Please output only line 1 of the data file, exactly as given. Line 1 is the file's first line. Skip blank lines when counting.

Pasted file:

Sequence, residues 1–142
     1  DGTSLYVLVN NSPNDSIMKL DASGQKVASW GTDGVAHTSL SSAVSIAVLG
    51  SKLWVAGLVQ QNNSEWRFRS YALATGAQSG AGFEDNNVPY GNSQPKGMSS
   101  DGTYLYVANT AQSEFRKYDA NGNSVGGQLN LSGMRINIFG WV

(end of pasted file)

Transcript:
Sequence, residues 1–142